Too early to assess the impact of MUP

An initial report showing falling sales is far from conclusive

MUP came into force in May 2018

TRADE groups and licensing lawyers have cautioned against a rush to judgement on Minimum Unit Pricing (MUP) after a fall in off-trade alcohol sales, despite Scottish health secretary Jeane Freeman hailing it as a “promising start to our world-leading action to introduce minimum unit pricing”.

The 2019 Monitoring and Evaluating Scotland’s Alcohol Strategy (MESAS) report, published last week by NHS Health Scotland, found that Scots bought less alcohol in the off-trade (where 73% of all alcohol is sold) in 2018 than any year since records began in 1994. The research claimed this amounted to a drop in sales equivalent to 19 units per adult per week, which it said coincided with the biggest annual increase in the average price of off-trade alcohol (rising 9%).

However, the causality of the introduction of MUP, which came into force on May 1, 2018 and is currently set at 50p a unit, and its link to declining off-trade sales was also called into question in the report itself, which acknowledged a drop in sales overall in Scottish supermarkets and off-sales since 2010. It also stated that the research covers the 2018 calendar year – a four-month pre- and eight-month post-MUP period.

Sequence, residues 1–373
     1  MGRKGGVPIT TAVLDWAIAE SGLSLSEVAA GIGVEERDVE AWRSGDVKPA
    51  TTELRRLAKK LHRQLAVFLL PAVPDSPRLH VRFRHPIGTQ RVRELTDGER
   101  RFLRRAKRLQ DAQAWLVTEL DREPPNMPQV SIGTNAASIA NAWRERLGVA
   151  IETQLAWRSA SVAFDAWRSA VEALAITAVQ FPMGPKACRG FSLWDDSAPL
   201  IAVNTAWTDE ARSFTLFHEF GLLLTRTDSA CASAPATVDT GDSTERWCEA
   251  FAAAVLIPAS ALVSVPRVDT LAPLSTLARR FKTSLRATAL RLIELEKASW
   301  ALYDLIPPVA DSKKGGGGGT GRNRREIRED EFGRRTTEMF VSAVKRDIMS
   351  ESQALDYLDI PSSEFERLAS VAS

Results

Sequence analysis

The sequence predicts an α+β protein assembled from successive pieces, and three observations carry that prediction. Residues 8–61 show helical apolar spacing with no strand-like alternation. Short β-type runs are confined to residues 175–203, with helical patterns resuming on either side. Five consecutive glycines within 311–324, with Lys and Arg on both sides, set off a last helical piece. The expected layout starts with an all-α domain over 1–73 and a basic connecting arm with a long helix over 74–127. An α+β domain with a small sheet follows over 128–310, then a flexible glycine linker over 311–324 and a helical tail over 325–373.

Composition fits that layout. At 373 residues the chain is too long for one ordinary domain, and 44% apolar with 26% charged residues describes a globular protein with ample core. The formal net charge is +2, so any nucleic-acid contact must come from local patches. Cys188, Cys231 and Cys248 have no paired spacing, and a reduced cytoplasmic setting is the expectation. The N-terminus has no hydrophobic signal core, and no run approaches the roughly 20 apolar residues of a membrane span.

Jack Cummins of Hill Brown Licensing said the figures were “being spun” by advocates of MUP.

He said: “Some have said that consumption has fallen following minimum pricing and that’s palpably not true because it’s been falling anyway. It’s early days; we might find that MUP is working but the MESAS figures are just being spun.”

Paul Waterson of the SLTA said that while it has long been in favour of the policy it is “still too early to tell if the reductions that we’ve seen are due to minimum pricing or another factor”.

He added: “Those that are against MUP will say it’s making no difference, likewise those that support it will say ‘yes, that’s all down to this’. A lot of the problems, we [the on-trade] have encountered with legislation and alcohol abuse problems stems from the fact that supermarkets were giving [alcohol] away as far as I’m concerned.”

Stephen McGowan, head of licensing at TLT solicitors, said more impartial research is required.

“Trends affecting alcohol sales are complex and nuanced,” he said. “Whether you support MUP or not, binary headlines do not help and a rush to judgement is foolhardy.”

The Scottish Beer & Pub Association’s Brigid Simmonds said: “While a reduction in overall alcohol sales may suggest an impact, we would urge the government to continue to monitor the policy and resist contaminating the results by introducing more whole-population approaches to alcohol policy.”